In 1988, NASA Scientist James Hansen provided groundbreaking testimony before the U.S. Congress on the data showing the reality and dangers of human-caused global warming. Former Vice President and presidential nominee Al Gore called the problem An Inconvenient Truth. In the following decade, there were many conversations yet little action, and others who call the problem a “hoax” have yet to start the real conversation. With the United States leaving the Paris Agreement and continuing to promote fossil fuels, the urgency of our situation has sparked an epic increase in protest by environmental coalitions.
Young people in the movement to take action on climate justice now have been some of the most outspoken and impactful advocates, as they see the future under imminent threat. Recently, students have organized #FridaysforFuture strikes around the world inspired by Swedish teen Greta Thunberg, but youth-led action is not new. Last year in the US, high school students with #ThisIsZeroHour marched on Washington DC to demand action from legislators. Before that, Xiuhtezcatl Martinez from Colorado had already spent most his life advocating for action, starting the group Earth Guardians and suing the President in the Julianna vs. the United States case before even turning 18. Teens have earned seats at the table of climate talks, worldwide recognition for their efforts, and every day, more young people get involved in the fight.
Emma Galbraith, a 17-year-old junior at Austin High School in Austin, Texas, first heard about the strikes while scrolling through instagram. She recalls seeing the account @ClimateStrikeATX and wondering, “Are there actually youth in Texas who are passionate about climate action? … so I got in touch and was like ‘hey how can I help?’” Galbraith was no stranger to helping the environment, having previously raised money for the World Wildlife Fund, but until hearing about the strikes, she felt like she had no way of specifically addressing climate change.
Galbraith got involved as a School Ambassador encouraging turnout at strikes in Austin. She also manages social media accounts @350Austin and @SunriseATX. I asked her what she hopes the strikes will accomplish: “Above all else I would really like to see them succeed in reaching out to youth who feel as disempowered as I did and to youth who aren’t aware of how severe the climate crisis is … I hope it’s able to get them on the same page”
Although Austin is known as being a more left-wing bubble in a mostly red state, Galbraith has talked to plenty of people who are skeptical that climate change is a serious issue. Even people who agree that our leaders have not done enough to address the crisis are not necessarily supportive of students walking out on their classes. Galbraith explained why young people are trying to take matters into their own hands: “It shouldn’t be the responsibility of young people to be on the frontlines pushing for action, but because we see that we are not getting the support we need from a lot of adults that hold more power than we do, at this point it’s just a necessity for us to become our own advocates for our own futures.”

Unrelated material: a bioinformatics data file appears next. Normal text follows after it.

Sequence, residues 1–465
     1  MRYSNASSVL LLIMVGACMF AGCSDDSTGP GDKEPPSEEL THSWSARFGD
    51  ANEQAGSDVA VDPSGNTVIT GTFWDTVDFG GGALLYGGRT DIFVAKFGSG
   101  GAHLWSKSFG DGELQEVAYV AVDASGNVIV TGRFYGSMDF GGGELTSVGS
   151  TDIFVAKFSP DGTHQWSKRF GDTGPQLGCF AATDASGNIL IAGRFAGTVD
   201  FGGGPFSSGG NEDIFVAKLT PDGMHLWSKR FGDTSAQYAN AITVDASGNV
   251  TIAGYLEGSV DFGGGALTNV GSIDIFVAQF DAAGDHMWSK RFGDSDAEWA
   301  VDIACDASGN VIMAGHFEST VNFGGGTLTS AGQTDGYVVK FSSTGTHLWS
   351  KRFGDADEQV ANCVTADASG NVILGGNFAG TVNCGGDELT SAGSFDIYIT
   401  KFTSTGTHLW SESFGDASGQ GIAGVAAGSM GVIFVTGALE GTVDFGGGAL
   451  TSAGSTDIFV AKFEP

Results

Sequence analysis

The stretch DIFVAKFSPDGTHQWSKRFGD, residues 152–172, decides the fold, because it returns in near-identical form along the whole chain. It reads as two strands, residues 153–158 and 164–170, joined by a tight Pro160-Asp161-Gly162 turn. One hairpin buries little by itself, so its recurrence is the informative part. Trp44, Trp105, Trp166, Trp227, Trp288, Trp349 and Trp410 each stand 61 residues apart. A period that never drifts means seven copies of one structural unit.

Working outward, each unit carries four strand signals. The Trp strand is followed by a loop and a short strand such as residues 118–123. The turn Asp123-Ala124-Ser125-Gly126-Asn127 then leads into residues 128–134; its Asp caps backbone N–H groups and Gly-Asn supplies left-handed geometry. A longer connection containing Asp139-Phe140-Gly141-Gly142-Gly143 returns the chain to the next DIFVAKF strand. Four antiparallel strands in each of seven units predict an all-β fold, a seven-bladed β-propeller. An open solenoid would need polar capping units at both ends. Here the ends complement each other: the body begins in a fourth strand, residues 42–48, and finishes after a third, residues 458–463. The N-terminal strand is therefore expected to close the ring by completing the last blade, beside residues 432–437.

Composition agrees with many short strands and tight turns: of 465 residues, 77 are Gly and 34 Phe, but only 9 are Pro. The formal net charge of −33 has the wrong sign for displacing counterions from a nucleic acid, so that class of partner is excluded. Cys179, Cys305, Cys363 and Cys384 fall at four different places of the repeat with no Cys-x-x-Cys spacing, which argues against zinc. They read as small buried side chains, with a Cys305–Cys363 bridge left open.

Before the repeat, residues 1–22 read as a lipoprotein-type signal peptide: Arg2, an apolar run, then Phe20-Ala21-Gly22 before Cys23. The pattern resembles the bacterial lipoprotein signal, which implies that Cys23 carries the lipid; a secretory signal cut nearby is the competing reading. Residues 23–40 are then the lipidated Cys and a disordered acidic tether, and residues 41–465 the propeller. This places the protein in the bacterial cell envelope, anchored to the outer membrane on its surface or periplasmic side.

To people who think she should just stay in school, the 17-year-old responds rhetorically, “What’s the point of school if im not fighting for a future where my schooling will matter?” Young people’s energy has been fueled in part by the Inter-Governmental Panel on Climate Change, IPCC, report that gives humanity a 12 year deadline to drastically cut emissions and begin restoring the natural world, or else the worst effects of runaway global warming will be unavoidable. “I’m gonna be 29 in 12 years so I’ll only be 7 years out of college and by then it will be too late if I delay my personal actions toward climate justice until that point.”
Ultimately, adults must recognize that the energy and urgency young people bring to the table is long overdue. Perhaps it’s easier for youth to take to the streets, since they do not yet have jobs or families of their own. Galbraith said she can see how “adults feel a little bit more trapped than youth do.” Today, however, the climate action movement needs adults to fulfill their own obligation to making the planet habitable for future generations. One big thing adults can do is, at all levels of government, only vote for candidates with a real climate change platform, and if there are none, run for office.
For those with no political ambitions, the way Emma Galbraith got involved with her local strike can serve as a model. She encourages people to do what she did: “I looked up environmental organizations I contacted them and asked what I could do. If they had a volunteer form I filled it out. I think that’s a great first step for anyone. Just get your name out there talk to real people who know what they’re doing. One way or another, you will find yourself in the movement because I think everyone has an important role to play.”
As the movement has grown, it has been a source of personal comfort as well as a platform for systemic change. It has united previously isolated youth who are using their voice to advocate for their future, and it shows no sign of slowing down. When asked about the future, Galbraith said “obviously I’m scared” but went on to add how connecting with other people that want to make change “brings hope and cuts through the fear a little bit so each day I can now wake up and i dont feel this overwhelming crushing sense of despair, I think here’s a list of things that I can do. I’m going to go do them today.”